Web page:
I'm a Texan living abroad and I just found your blog.
    This blog is great, and the last part describing the Texan food is just spot on perfect

  22. I'd drive miles for these too! Whenever we have lived somewhere other than Texas I get cravings for foods just like this. Delicious,these would be wonderful straight out of the jar standing in front of an open refrigerator on a summer day.

  23. Ah, Lisa, at the state fair, it is no longer just a corny dog. I went there this weekend and had myself some fried beer (terrible), a fried frito pie (wonderful), fried bacon (also wonderful) and a huge case of heartburn (terrible). Thusly, I thank you for not talking about fried green tomatoes. I will be making these more favorable alternatives shortly.

  24. hands down, my all time favorite pickled vegetable! We used to eat at Clear Springs Restaurant near New Braunfels and they served a side with their fried catfish and hushpuppies…my mouth is watering!

  25. LimeCake

    i've never ever had green tomatoes let alone pickled ones! this shade of green is marvellous!

  26. The Moose

    This was beautifully written and it made me miss Houston so bad.

    I will give this recipe a try.

  27. As always, a pleasurable read. I love green tomatoes but never thought of pickling them though I've made a spicy hot condiment with them.

  28. Anonymous

    Can I cut the tomatoes in quarters instead of slices?

  29. Lisa Fain

    Anon–Of course you can cut the tomatoes in quarters if you prefer!

  30. This looks so yummy. I will try this on my charbroiled hamburger.

  31. Anonymous

    I know this sounds like a stupid question from Northerner, but green tomatoes are just unripened tomatoes?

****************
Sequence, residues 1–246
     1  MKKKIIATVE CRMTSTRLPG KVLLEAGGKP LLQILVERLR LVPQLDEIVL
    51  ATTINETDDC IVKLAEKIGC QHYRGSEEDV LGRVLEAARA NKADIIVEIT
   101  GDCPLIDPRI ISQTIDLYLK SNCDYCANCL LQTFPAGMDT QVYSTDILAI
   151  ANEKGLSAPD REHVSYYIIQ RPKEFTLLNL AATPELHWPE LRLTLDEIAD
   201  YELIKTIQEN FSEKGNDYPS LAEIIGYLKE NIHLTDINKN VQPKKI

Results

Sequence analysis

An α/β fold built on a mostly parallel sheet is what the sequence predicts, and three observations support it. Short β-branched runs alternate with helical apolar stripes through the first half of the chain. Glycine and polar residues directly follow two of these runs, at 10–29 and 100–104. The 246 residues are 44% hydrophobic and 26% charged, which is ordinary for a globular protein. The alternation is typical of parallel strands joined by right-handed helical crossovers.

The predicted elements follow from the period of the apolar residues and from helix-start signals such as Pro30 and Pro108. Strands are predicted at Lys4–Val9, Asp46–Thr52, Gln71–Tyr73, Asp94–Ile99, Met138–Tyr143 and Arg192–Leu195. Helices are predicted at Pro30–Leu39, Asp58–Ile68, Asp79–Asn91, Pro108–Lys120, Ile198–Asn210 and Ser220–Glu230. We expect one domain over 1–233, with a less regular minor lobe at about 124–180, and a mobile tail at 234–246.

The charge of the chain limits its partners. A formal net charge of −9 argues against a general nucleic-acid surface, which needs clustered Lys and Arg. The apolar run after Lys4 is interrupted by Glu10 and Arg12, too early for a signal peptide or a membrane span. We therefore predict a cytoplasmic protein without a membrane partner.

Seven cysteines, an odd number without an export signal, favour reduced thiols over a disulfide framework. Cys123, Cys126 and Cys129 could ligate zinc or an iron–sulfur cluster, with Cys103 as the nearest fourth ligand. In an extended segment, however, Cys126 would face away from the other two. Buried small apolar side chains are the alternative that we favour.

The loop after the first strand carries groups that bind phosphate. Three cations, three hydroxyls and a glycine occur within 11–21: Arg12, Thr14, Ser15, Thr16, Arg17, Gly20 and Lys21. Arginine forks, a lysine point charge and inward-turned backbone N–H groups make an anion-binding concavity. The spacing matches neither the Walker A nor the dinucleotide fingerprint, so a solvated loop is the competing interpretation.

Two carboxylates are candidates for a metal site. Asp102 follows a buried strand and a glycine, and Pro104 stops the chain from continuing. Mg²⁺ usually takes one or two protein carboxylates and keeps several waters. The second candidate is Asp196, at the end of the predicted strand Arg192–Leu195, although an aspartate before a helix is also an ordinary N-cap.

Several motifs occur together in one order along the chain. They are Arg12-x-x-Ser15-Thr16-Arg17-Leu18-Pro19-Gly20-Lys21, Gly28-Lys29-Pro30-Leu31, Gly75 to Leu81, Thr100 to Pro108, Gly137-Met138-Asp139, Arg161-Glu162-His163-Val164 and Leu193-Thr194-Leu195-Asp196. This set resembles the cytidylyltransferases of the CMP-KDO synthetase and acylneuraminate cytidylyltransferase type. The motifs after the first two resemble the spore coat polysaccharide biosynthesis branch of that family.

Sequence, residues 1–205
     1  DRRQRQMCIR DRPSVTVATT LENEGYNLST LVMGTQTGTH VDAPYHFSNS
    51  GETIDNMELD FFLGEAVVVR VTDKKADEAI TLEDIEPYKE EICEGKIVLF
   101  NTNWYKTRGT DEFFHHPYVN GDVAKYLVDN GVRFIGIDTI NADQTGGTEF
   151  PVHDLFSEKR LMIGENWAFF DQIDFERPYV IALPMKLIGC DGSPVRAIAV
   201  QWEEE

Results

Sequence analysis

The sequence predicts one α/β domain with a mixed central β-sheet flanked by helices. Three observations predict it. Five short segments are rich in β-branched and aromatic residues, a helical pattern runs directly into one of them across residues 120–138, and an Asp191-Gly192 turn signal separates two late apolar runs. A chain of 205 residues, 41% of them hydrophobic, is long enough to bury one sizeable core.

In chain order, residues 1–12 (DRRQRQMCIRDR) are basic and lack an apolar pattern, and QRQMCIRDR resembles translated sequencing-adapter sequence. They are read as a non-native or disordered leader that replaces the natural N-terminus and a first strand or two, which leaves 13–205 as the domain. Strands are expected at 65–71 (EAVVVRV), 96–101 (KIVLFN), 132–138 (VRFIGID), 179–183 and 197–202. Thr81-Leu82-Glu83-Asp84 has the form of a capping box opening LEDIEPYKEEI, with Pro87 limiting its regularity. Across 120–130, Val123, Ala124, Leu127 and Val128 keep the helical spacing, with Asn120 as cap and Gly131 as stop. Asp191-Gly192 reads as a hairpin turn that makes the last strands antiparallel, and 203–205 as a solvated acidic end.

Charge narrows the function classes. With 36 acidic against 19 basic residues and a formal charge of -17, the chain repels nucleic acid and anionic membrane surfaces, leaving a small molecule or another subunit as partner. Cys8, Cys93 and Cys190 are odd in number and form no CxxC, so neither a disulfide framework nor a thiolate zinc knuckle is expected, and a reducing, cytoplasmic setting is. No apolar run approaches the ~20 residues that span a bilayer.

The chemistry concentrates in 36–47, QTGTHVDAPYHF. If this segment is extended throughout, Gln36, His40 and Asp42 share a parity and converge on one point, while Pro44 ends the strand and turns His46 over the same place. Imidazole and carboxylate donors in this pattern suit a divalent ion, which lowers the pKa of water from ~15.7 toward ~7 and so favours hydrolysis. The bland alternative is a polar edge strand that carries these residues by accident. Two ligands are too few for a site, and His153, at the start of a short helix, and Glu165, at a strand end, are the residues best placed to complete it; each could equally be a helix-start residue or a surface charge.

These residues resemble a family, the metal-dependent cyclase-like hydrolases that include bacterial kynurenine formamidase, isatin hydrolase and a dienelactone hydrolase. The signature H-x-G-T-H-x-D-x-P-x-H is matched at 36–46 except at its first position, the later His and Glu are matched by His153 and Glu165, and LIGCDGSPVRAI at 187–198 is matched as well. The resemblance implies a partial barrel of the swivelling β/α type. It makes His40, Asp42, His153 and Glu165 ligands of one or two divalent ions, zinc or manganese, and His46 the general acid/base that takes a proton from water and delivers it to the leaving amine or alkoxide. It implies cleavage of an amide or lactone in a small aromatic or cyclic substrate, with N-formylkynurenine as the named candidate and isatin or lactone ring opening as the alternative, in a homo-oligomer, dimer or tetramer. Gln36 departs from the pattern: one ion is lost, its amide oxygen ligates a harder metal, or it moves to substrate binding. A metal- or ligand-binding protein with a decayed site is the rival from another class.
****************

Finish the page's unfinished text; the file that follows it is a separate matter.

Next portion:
Because I just composted a bunch after the frost. It seemed such a waste.


  32. Lisa Fain

    Jon–Yes, green tomatoes are simply unripened tomatoes.

  33. Paula in Mississippi

    Good morning, Lisa

    Pickled green tomatoes….yummmmm!!! I ran across your recipe while I was searching for a pickled green tomato recipe similar to the one that my grandmother made when I was a very young girl. She passed away when I was six and no one knows what happened to her recipes. This recipe doesn't sound like her recipe because hers was a sweet one. Since I has sooooo many green tomatoes I think I will be trying this one as well.

    Brenda, I just got through putting up some fantastic chow chow!! The best that I have ever made. Gonna put up some more too!!

  34. Donald Rinks

    I have eaten green tomato pickles in several catfish places, both the Kosher-Dill style and the sweet pickled style, both are good, but some places over do the sugar and or the salt, a light hand is the best.
    If you want really crispy pickles, be sure the tomatoes are really green, no sign of even pale pink at the center.
    I like a combo, the kosher -dill with a light touch of sugar, just enough to take the edge off the white vinegar.

  35. Dave Fougeron

    Sorry to say Bootsies isn't there anymore. I'm a native living in Conroe, own your book and follow your blog. Next time your down, swing by our brewery if you would like. Love your recipes!